Theatre Plays Itself

Theatre Department launches a new Devised Performance MFA in partnership with the London International School of Performing Arts.

There’s no script. There’s no playwright. It’s devised performance and one of the newest frontiers of the ever-changing world of theatre gaining international attention. Columbia College Chicago’s Theatre Department is set to launch an MFA in Devised Performance, the only degree of its kind in the U.S., beginning in Fall 2016.

The two-year program, in partnership with the cutting-edge London International School of Performing Arts (LISPA), involves three major cities of innovative theatrical performance: Berlin, London and Chicago. Students in the program will spend their first year in Berlin and London and return to Chicago for their second year in order to encourage ensembles born out of this training to emerge and remain in the city. The program culminates in a thesis performance in collaboration with the Museum of Contemporary Art.

“The goal is to establish Columbia College Chicago as a center for practice-based research in the fields of physical theatre and devised performance,” said John Green, Chair of the Theatre Department.

The MFA in European Devised Performance will be directed by Michael Brown. He is a LISPA alum, where he also taught at the school for nine years, and is excited about the partnership between Columbia College and LISPA.

“Columbia students have the chance to collaborate across many disciplines, allowing the evolving concept of devised performance to flourish in an ever richer way,” he said. “LISPA’s strength is a focused and deep training in devised performance–a highly collaborative, physical style that starts from the individual body of each artist and the collective imagination of the whole ensemble.”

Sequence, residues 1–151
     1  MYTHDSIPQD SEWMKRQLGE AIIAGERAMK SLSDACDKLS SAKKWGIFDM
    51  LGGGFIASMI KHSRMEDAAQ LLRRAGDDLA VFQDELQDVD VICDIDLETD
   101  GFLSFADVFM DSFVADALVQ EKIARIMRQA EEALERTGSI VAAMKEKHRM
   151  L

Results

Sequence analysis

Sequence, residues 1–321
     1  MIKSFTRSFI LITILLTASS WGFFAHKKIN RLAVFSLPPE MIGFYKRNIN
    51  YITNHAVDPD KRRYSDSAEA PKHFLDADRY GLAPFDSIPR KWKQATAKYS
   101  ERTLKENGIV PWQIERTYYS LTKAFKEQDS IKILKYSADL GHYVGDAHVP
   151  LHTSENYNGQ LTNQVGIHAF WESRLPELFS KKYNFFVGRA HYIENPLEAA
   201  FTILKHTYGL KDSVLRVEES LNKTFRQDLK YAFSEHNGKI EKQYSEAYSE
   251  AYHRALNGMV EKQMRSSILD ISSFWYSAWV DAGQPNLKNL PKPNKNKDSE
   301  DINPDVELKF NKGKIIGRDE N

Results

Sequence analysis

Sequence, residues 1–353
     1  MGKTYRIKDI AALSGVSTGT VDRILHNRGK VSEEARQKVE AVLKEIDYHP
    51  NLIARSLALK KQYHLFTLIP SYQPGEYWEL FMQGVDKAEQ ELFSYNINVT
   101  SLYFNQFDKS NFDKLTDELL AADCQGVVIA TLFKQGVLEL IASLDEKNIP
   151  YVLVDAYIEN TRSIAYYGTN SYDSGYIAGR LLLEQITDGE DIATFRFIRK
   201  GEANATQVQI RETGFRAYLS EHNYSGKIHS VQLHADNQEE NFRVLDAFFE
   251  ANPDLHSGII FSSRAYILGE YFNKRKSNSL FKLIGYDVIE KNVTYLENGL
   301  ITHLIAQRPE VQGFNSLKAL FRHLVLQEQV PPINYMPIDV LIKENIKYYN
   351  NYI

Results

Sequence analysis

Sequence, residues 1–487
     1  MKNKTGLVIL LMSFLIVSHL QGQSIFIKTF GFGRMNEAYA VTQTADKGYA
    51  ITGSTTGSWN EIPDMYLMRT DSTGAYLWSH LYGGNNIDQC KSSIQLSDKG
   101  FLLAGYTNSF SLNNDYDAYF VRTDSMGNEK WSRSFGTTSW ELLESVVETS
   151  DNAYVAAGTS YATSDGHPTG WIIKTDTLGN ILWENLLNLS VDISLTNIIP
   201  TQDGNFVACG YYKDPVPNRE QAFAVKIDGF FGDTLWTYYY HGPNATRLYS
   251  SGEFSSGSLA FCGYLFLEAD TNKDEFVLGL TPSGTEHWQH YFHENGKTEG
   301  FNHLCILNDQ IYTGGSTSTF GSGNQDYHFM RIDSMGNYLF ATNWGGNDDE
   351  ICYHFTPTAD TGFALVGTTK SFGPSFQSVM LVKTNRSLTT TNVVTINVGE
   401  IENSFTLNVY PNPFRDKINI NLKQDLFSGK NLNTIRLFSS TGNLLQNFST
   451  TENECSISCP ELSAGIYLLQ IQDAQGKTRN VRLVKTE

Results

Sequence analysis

Devised performance, influenced by the work of Jacques Lecoq and the tradition of commedia dell'arte, is characterized by its playfulness, improvisation, collaboration, comedy and the use of various masks. This matrix of elements is designed to privilege the performer, not the director, as the creator of the work on stage.

Much of the excitement in devised performance is its shift in focus away from the written text, director or playwright and highlights the performers as the primary creators. According to the LISPA website, devised performance seeks to create “the theatre of tomorrow.”

Though many American audiences are still unfamiliar with devised performance, it is gaining recognition by more avant-garde communities and performing arts students. On the vanguard of arts education, the Theatre Department’s new program raises the curtain on new possibilities in theatre.  

Special thanks to Albert (Bill) Williams, who runs the Theatre Department’s blog, The Green Room, and who let us steal from it for this story.